• 10:51 What I always say is to overlap from one thing to the next, don’t borrow a bunch of money to start your business. Get a day job in place and work hard. Do client work in the evenings to save up money and bootstrap it. I feel like taking on investments doesn’t fit with that approach and I don’t want to compromise that value. Matt doesn’t want to make an investment and he doesn’t want to get any equity out of the company. He’s basically saying, “I believe strongly in what you’re doing and I want to help you out.” With the investment deals he’s doing, they give a lot to various charity organizations and he’s basically looking at it from a philanthropic point of view. Obviously, seanwes is not a nonprofit but he believes in what we’re doing with the Community and helping entrepreneurs. These people that we’re helping are going to go out into the world and making a difference. They’re going to have a positive impact on their surroundings and he believes in that.
  • 12:30 Ben: You shouldn’t have to make some sort of justification for giving money to one thing vs. another. That being said, I really like that Matt pointed out the idea that the seanwes network is not only influencing individual content creators but influencing the community that surrounds those people because of the way they’ll be able to do business based on what they’ve learned from you. You’re influencing the economies of where these people live and work, all over the world. When people work for themselves, it’s great for the economy so it really does go further than helping people do what they love. When you’re thinking to yourself, “Is accepting a donation for my cause a worthwhile thing?” then you’re probably a more worthy cause than you think because you’re even asking yourself that question.

Investment vs. Donation

  • 14:33 Sean: To clarify, this is all speculative. I haven’t accepted anything yet. Matt mentioned it to put it on my radar.
  • 14:47 Ben: What if someone sends you an anonymous donation?
  • 14:50 Sean: That was an example that was brought up. I’m struggling with accepting a donation from someone because I want to make sure it’s not an investment and I don’t feel a sense of obligation to someone. That goes against my values. Should I be taking on this donation? Someone brought up, “What if someone left you an envelope with money and there was no name?” Obviously, I can’t return it and someone believed in what I’m doing enough to do that so I wouldn’t have a problem accepting that donation. It’s not like I’m going to have a bonfire with it.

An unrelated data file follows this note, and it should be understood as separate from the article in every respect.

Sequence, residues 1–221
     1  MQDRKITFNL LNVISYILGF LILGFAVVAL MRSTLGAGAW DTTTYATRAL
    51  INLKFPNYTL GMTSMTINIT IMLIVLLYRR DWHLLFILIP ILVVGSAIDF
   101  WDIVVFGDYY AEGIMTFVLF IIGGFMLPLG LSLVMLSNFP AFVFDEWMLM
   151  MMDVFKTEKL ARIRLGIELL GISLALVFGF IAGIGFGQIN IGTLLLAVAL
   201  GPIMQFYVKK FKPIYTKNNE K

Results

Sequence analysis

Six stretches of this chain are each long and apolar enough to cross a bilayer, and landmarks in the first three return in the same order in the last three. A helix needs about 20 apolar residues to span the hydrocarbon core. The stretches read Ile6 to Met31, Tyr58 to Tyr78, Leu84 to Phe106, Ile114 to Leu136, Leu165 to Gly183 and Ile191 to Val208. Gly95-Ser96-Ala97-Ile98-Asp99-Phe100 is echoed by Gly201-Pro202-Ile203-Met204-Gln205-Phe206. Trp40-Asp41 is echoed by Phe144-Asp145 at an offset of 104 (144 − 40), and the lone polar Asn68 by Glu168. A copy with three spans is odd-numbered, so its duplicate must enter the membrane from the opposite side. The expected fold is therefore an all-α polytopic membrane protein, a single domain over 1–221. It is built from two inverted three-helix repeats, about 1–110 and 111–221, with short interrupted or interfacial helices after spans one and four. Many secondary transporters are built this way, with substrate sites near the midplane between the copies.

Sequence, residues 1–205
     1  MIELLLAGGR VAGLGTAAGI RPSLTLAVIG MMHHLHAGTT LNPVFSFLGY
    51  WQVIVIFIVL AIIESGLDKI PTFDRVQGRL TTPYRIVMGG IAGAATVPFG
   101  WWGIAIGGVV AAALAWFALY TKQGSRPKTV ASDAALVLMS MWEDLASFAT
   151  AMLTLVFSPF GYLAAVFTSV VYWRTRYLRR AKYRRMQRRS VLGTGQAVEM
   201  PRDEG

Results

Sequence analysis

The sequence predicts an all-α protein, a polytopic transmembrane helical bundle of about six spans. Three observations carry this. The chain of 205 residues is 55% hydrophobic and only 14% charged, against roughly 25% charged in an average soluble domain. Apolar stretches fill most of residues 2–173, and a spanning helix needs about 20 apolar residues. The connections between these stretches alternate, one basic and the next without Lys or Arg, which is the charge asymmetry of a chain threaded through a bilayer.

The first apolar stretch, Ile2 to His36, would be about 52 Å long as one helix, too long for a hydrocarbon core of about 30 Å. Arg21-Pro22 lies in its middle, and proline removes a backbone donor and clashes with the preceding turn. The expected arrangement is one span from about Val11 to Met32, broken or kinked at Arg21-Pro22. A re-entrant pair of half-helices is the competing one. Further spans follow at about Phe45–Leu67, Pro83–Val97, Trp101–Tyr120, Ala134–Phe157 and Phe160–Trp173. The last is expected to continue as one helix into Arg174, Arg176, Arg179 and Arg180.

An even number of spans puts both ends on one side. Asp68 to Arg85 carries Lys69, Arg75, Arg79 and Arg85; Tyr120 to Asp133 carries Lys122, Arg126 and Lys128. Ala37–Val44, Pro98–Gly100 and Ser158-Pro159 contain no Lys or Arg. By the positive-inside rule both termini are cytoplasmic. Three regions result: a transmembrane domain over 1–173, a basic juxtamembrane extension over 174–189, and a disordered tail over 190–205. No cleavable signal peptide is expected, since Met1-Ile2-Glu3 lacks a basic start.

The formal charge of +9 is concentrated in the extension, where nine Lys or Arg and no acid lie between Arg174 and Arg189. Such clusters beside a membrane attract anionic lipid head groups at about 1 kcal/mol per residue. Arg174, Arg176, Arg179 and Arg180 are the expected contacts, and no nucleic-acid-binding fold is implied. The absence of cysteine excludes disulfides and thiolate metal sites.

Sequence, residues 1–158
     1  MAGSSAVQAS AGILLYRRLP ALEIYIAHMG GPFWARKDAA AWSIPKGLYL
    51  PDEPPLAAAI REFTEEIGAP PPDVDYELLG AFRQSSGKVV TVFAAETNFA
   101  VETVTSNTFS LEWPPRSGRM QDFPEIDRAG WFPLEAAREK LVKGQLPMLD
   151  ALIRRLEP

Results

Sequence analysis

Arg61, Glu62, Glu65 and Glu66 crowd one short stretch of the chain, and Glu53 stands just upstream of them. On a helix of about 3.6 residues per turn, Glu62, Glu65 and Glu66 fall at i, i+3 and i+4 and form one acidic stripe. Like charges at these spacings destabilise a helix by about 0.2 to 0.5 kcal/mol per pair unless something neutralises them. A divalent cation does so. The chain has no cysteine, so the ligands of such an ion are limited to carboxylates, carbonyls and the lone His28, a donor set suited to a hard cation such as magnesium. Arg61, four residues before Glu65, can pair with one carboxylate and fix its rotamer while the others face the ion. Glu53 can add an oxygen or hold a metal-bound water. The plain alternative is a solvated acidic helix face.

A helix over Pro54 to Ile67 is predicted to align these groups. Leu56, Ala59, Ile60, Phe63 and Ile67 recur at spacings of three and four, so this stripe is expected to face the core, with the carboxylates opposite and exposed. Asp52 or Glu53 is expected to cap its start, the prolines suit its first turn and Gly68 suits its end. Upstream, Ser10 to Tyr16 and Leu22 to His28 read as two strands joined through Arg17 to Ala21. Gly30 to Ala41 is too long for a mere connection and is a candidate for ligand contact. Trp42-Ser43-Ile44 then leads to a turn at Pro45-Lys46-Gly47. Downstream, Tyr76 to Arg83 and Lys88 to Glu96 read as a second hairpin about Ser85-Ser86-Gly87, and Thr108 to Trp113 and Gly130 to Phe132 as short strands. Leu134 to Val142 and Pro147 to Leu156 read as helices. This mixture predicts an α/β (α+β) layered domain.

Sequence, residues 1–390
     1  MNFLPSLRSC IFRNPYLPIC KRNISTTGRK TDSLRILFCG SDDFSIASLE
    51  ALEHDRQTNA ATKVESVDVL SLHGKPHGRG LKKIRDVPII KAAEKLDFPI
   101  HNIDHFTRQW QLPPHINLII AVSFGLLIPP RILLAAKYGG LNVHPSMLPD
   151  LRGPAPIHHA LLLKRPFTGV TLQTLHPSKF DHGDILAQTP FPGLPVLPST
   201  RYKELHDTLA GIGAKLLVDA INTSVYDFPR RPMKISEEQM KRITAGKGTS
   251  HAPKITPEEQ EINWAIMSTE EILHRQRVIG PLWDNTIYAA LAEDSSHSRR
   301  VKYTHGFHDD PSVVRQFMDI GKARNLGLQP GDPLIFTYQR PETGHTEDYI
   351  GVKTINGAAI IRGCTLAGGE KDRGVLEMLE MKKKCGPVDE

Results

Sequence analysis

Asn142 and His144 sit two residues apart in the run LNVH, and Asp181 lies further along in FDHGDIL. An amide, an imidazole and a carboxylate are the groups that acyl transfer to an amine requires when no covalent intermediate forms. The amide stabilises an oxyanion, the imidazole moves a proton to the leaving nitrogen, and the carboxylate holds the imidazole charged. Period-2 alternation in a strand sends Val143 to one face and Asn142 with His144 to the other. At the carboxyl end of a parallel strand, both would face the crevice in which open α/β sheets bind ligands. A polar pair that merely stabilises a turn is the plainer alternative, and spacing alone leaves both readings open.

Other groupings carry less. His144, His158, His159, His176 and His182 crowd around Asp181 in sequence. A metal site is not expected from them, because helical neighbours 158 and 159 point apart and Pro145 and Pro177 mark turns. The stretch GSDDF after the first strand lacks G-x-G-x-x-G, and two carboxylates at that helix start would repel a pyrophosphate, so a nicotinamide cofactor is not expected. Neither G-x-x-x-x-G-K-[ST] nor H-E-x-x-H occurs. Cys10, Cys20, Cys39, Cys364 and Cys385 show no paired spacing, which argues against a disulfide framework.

• 15:41 Then I realized, “Why does it matter whether or not it’s anonymous?” I decided to dig deeper and find out what was behind his motives. Is he expecting to get something out of this and just calling it a donation? The more we talked about it, the more I realized those weren’t his motives at all. I asked him, “Is this about tax write offs? What if it counted as revenue on my side? Does that bother you?” He said no because he already gives to charitable organizations, this would be considered something else because he didn’t need the money and he strongly believes in what I’m doing. That made it clear it wasn’t about getting anything in return and he even told me his backup plan was something along the lines of an anonymous donation—buying 1,000 Learn Lettering Master Classes. His motives are pure if he’s willing to go the transactional route.
  • 17:02 Ben: Without going into into the legal structuring of accepting that donation—how it’s taxed, etc.—you’ve got the personal aspect of that. There’s the Rule of Reciprocity, where you feel beholden to someone else. Many of us have been in the situation of someone “giving” us something and not expressing they were doing it with the expectation of receiving something in return. Then, they start to treat you a little different or you treat them differently because you’re not great at accepting gifts. Robert Cialdini has a whole chapter on how the Rule of Reciprocity works in his book, Influence, but there’s a part at the end where he talks about how to circumvent that. Culturally, it makes sense to reciprocate a gift but if someone gives a gift and tells you it’s no strings attached, you really don’t have to feel beholden to them, even if they came back later and reminded you of that gift. You’re naturally going to feel beholden to them but you have to discipline yourself not to feel that way. I’ve gotten really good at accepting help, which is a gift of sorts, and showing my gratitude in whatever way I can but not feeling beholden to whoever is helping.